The Emerald Necklace: Exploring Boston’s Greenways

If you want to explore Boston’s parks and green areas, a great place to start is the 9-mile, one-way walk along the Emerald Necklace. Starting at the Boston Common, you will wander through the Public Garden, Back Bay, through the Back Bay Fens, the Riverway, Olmsted Park, Jamaica Pond, the Arnold Arboretum, and Franklin Park.

Given that we wanted to minimize public transportation transfers, we shortened the walk to 7 miles and ended at the Arboretum, skipping Franklin Park. That said, we may come back with a car to visit the Zoo and finish the entire walk at that time.

Getting There

To get to the starting point at the Boston Common, you can either take the MBTA to the Park Street stop or park your car at the Boston Common Garage. The Friends of the Public Garden have more specifics on transportation options.

If you choose to end your walk early, simply use your phone to get directions to the nearest MBTA or bus stop to get you back to your origin.

We chose to end at the Forest Hills Orange Line MBTA station by the Arnold Arboretum. If we would have continued to Franklin park, we would have had to start with a bus, then transfer to the MBTA, which in Covid-19 times, was unappealing. The Orange Line has stops quite close the Boston Common (Downtown Crossing), though we chose to get off a few stops earlier to conclude the walk through Back Bay.

Boston Common

Driving in from the greater Boston area, we decided to park in the Boston Common Garage, which is underneath part of the Boston Common.


From here, you can head towards the Public Garden and enjoy the stroll through the park.


If you have kids in tow, consider stopping at the Tadpole Playground. And if you are visiting in the winter, you may want to go iceskating at Frog Pond. Otherwise, there are plenty of paths to explore and monuments to see.


Public Garden

Once you cross the street to the Public Garden, spend some time enjoying the delightful flower arrangements. Having recently moved from California, we found the tiny palm trees an interesting addition, although I don’t think there is a chance of them surviving the winter.

There are also plenty of interesting monuments, beautiful footbridges, and cute ponds to see.

Back Bay

When you exit the Public Garden, make sure you choose the Commonwealth Avenue (“Comm Ave”) exit, putting you on the Commonwealth Avenue Mall greenway through Back Bay.

Enjoy the path through the city, enjoying the trees and monuments on the way.

Don’t forget to also look to the side and admire the beautiful brownstones.

There are also plenty of churches and views of the city.

Back Bay Fens and Fenway Park

Once you get to the Harvard Bridge, which actually leads to MIT, you will need to cross over to the sidewalk and continue until you reach the famous Citgo sign, a somewhat odd symbol of the Boston skyline.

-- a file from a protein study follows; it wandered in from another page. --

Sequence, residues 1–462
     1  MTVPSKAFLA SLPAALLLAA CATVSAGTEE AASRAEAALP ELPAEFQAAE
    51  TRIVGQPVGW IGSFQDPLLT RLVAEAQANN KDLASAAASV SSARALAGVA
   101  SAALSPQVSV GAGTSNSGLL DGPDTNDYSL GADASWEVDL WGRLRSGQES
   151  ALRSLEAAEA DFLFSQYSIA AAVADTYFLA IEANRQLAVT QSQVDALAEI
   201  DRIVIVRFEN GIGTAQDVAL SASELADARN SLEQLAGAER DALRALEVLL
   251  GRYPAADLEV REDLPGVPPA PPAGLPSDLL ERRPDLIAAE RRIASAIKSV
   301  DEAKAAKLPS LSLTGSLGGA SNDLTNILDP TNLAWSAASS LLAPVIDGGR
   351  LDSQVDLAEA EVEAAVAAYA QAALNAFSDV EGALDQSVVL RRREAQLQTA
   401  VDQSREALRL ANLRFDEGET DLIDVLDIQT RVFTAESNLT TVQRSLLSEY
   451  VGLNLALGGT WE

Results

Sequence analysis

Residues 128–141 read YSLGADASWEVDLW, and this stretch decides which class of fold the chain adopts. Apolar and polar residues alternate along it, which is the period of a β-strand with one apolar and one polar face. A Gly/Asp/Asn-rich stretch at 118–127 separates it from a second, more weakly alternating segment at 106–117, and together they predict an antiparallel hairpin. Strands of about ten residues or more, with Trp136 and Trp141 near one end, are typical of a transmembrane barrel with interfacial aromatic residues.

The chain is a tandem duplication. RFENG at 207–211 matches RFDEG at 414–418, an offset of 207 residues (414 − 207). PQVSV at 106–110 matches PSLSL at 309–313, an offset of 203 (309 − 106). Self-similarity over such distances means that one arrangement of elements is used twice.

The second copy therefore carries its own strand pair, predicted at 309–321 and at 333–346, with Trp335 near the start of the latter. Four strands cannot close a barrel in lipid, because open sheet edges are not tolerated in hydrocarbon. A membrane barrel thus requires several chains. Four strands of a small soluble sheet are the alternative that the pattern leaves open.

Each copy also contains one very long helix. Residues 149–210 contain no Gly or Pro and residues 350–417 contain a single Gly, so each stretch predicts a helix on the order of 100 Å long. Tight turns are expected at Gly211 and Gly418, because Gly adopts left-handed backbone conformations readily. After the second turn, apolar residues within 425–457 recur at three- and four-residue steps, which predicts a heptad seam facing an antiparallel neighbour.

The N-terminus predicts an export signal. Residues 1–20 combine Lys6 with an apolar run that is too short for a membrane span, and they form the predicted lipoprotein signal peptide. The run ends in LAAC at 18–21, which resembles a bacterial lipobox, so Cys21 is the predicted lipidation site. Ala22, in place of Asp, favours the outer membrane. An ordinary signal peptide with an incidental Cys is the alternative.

At this point, we should have gone to the Back Bay Fens area, but we actually wanted to take the boys by Fenway Park, home of the famous Red Sox, so we decided to take a shortcut and skip the Fens.


As you walk by the ballpark, it will feel a bit grittier and less, but there are still some nice buildings to admire. If you want lots of green, stick with the Back Bay Fens instead of this shortcut.

The Riverway

Getting back on the Emerald Necklace at the Riverway, we were delighted with all the greenery again.

Eventually, we decided to detour to a nearby Subway sandwich shop and took our lunch back to the river to enjoy.

This area had a really nice feel to it and I could see wanting to live near this delightful path.

Olmsted Park

Eventually, we got back on the streets for a bit until we reached Olmsted Park.

We were up on a hill above it, but the paths below us looked delightful. If we wouldn’t have been worried about running out of steam, we may have gone down and explored some more.

Jamaica Pond

This area was immediately followed by Jamaica Pond.

While swimming isn’t allowed, there is a nice boat dock.

Traditionally, this area was used as summer housing for the very wealthy, but since it is no longer countryside, the area is much more mixed today. Make sure you enjoy looking at the houses as you walk down the Arborway.

Arnold Arboretum

As you continue, you will eventually reach Harvard’s Arnold Arboretum, which is always worth strolling through.

Given that we had recently been here, we just enjoyed views from the outside.

Franklin Park

We could have continued onto Franklin Park, but since there is the Forest Hills subway station between the arboretum and Frankline Park and the kids didn’t want to double-back, we decided to hop on the MBTA back towards downtown.


The Return to Our Car

The original plan was to take the Orange Line to the Downtown Crossing stop and walk back to the Boston Common through downtown. To our delight, the train wasn’t very crowded and looked fairly clean, but as we got closer to the center, more people started to get on. We decided that it might be fun to walk back along Newbury Street, and got off at the Massachusetts Ave stop. Note that this probably added an extra mile or so to our walk.

As you walk down Mass. Ave., turn onto Huntington Avenue, there is the Christian Science Church headquarters, with a beautiful reflecting pool with nice views of the city.

We continued onto Boylston Street, then eventually turned onto Newbury Street. I had wanted to stop by the Rothy’s shoe store, but realized that due to store covid capacity limits there was a line to get in. Newbury Street was a little crowded for our taste, even with masks, so we moved one over to Boylston Street. In Copley Square, we bought some drinks from a street vendor, and made our way back to our car.

What a lovely day!

Keep reading our travel blog to find more travel ideas in New England:

Here are some more blog posts from Boston:

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